I had originally planned to talk about Meredith vs. JCPS. I know I talk about home a lot, sadly it is because of what I would like to call how "odd" Louisville is. Louisville is a big city with small town sensibilities, a Midwest city in a Southern State, both progressive and backward at the same time. It makes for a good character study on race, history and America. I started this wonderful blog and got it mostly finished on Black Education. Then I got distracted by my daughter. I got caught up in listening to her talk about the large intestines. She was so excited to tell me all the facts she had learned from her science videos. It was in that moment I thought about how much she loves math and science. I also, however, remembered her frustrations earlier in the day. She hates not getting called on in class and being able to work ahead. Whenever she gets an answer wrong she gets upset and wants to instantly review so she can correct her mistake. I love this about her, but I worry. She is not only a girl but a girl of color, which means she will likely hit road blocks.
I decided late, late, late, last night to shift my focus onto Benjamin Banneker. Benjamin Banneker is one of my favorite historical figures and isn’t one usually covered in school. I suppose I have always loved Banneker because, like Banneker, I was at a young age fascinated by the stars and astronomy; going as far as to paint my room black with the map of the sky at the time of my birth dotted on the walls. Like my child, Banneker was interested in STEM and was fortunate enough to have the freedom to learn and study.
Who Was Benjamin Banneker?
Benjamin Banneker was born free to formally enslaved parents, Mary and Robert Bannaky, changed to 'Banneker' when he was freed. Benjamin was raised in Maryland and his parents has the foresight to deed him property to ensure his freedom was maintained. He was educated by his grandmother, Molly Welsh. Welsh was an indentured servant from England who was forced to 12 years of servitude after being accused of stealing milk. After her time of servitude ended, she purchased a farm and two slaves. She would eventually marry one of those slaves and have a daughter, named Mary. Mary would also purchase her future spouse, Robert, and free him. In 1731, the couple had Benjamin.
Banneker grew up in Baltimore County and was able to attend an integrated school run by Quakers. Early on he showed an interest in mathematics, mechanics and astronomy. However, he was mostly self-taught in many of the areas of science he is known for. At 22, having only seen two time pieces in his life, a sundial and a pocket watch, he created a clock from wood that ran for forty years until it was destroyed in a fire. In 1789, he was able to successful predict a solar eclipse in contradiction of many other contemporary astronomers and mathematicians which garnered the attention of Thomas Jefferson. Banneker even created an almanac in 1791 and sent a copy to Jefferson with a note to consider joining the abolition of slavery movement. Jefferson would, of course, ignore this plea while praising his accomplishments because, as we know, Jefferson was conflicted on slavery.
What makes Banneker an interesting subject is he was an essential individual in the original survey of the land that would eventually become Washington, D.C. In 1791, he was appointed to the job and joined the three-man team led by Major Andrew Ellicott. Banneker plotted the boundary of the city and saved the project when he recreated the plans from memory after the chief Architect Pierre L’Enfant quit taking the plans for the city with him.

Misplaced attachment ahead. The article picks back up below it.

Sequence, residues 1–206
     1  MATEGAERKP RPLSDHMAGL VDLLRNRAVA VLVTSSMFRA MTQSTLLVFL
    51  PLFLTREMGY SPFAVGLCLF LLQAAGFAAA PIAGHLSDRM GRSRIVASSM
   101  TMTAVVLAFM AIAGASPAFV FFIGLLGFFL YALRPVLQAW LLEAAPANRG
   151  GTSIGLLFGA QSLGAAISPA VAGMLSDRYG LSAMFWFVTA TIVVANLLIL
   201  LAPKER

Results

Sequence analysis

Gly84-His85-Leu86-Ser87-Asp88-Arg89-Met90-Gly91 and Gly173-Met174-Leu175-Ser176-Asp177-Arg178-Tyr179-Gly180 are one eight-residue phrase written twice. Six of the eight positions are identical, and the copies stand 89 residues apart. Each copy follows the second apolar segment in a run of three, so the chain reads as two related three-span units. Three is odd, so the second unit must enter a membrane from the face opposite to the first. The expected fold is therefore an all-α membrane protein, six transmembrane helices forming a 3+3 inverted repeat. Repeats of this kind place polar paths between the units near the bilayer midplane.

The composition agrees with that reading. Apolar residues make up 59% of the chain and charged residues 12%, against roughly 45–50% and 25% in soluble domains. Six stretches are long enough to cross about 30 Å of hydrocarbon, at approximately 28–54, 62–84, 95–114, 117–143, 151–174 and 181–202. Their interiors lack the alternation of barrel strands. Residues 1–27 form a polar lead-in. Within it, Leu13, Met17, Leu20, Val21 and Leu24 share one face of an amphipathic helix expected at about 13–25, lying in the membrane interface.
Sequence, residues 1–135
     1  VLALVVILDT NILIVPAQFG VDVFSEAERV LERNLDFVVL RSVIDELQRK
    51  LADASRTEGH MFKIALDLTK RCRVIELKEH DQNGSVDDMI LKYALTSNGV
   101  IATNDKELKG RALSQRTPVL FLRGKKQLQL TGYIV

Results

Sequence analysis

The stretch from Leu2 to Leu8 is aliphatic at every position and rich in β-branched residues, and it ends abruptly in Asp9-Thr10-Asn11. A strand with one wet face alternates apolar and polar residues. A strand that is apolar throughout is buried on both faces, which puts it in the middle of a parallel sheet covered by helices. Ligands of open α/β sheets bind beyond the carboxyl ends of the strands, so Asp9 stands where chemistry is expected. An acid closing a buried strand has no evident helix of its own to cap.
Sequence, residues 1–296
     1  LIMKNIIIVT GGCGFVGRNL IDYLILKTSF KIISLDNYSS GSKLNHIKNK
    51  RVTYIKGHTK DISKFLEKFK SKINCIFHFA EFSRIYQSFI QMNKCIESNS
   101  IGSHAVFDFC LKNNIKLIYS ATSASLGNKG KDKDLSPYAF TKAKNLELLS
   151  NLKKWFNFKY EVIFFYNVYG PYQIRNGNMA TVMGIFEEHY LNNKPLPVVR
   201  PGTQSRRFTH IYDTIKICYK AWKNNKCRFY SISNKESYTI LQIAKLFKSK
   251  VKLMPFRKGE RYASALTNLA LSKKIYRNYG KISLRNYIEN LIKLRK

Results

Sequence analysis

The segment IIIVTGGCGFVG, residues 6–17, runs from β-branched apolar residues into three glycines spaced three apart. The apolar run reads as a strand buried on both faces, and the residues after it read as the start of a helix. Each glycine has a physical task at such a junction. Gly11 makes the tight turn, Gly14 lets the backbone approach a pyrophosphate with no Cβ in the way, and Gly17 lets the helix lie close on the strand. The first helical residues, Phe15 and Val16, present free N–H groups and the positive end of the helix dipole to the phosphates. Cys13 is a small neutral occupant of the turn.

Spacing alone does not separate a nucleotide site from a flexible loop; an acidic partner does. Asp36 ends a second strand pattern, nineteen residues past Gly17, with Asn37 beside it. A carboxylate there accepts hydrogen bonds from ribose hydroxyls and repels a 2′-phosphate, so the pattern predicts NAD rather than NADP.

He would continue to publish his almanac until 1802. He would only live an additional four years after the conclusion of his publication but he was a staunch advocate for science and abolition until his death. Slavery was ended in Maryland on November 1, 1864, only a few months prior to the adoption of the 13th Amendment.
Why Am I Telling You This?
Banneker is an interesting figure in American history, but his place speaks to what is common when talking about Black historical figures, especially in the math and sciences. Too often, like the women discussed in Hidden Figures, these Black American's contributions are essential to the projects they work on but they are over-looked when we learn about this history. Additionally, we also not only overlook them but, in wondering how they were able to overcome so much in the face of oppression, we fail to consider some crucial things: How much more they could have accomplished if they were not oppressed? How much more could they have learned if they were given the resources?
It is the same questions I ask myself today when I look at my daughter who loves math and science. I wonder what obstacles may get in her way if she wants to pursue a future in STEM. I look at many of the STEM programs we host at the library and I wonder how to better reach Black children in San Jose, as it is common knowledge that Black children are missing out on STEM. What’s even worse is - even if they decide to pursue STEM fields, many of them leave it. However, it is my belief that if we do not find ways to engage Black and Brown students in STEM we are missing out on innovations that may benefit us all in the future.
I challenge you, if you are in a STEM field, to consider volunteering your time to mentor a Black student in STEM; encourage their studies. Even if you aren’t in STEM, there are ways to champion for better STEM education in our schools by talking to our district leaders, funding after-school STEM programs and, when we can accept volunteers, volunteering with library. You never know - you could be helping the next George Washington Carver, Mae Jemison, Neil DeGrasse Tyson or Marie Maynard Daly.